Now that Earth has developed nuclear weapons it is established that it is only a matter of time until nuclear powered vehicles can hit the outer reaches of space and threaten universal peace.
As a result, Klaatu and his robot Gort have come to Earth to ensure that Earth remains a peaceful planet but, because of international cold war, no-one will listen. As a result, he decides to force Earth to pay attention for to ignore him is at its peril.
Sure, the effects aren't up to much by modern standards - Gort's impregnable suit is clearly rubberised for the actor's comfort as he ascends the ramp into the spacecraft and the disappearing effect is very basic. But, as mentioned, this was probably groundbreaking for the beginning of the 1950's.
The moral message of the film is much clearer. The shock of the US army surrounding the unmanned spacecraft is still a prevalent image today, while one can't help thinking that Klaatu's attempts to bring together all the nations of the world would still be in vein, even now. A reason behind this ill-feeling is accounted for as well; by introducing the child to show Klaatu around Washington, director Robert Wise proves that it is nurture rather than nature that causes us to lose our innocence during adolescence.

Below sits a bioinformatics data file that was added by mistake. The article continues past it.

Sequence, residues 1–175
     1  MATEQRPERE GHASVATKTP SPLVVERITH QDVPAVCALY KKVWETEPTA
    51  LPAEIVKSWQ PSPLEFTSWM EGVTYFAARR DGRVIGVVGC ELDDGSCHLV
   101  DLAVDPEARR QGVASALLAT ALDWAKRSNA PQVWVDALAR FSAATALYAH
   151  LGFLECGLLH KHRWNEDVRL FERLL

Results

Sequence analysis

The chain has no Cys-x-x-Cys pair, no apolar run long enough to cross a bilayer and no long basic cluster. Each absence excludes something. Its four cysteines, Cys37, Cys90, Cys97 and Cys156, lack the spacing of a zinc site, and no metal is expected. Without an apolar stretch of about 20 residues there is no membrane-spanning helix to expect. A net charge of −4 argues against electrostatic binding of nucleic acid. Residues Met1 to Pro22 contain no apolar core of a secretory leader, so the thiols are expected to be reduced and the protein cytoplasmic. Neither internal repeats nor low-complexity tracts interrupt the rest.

Finally, the iconic scene where the film picks its title from is perhaps even more worrying nowadays; our reliance on electricity is so heavy. After the end of the film I watched an advert being shown in the UK from Citröen which encourages us to switch to using electric cars. Sure, it's efficient, cheap and easy... but what if it was turned off?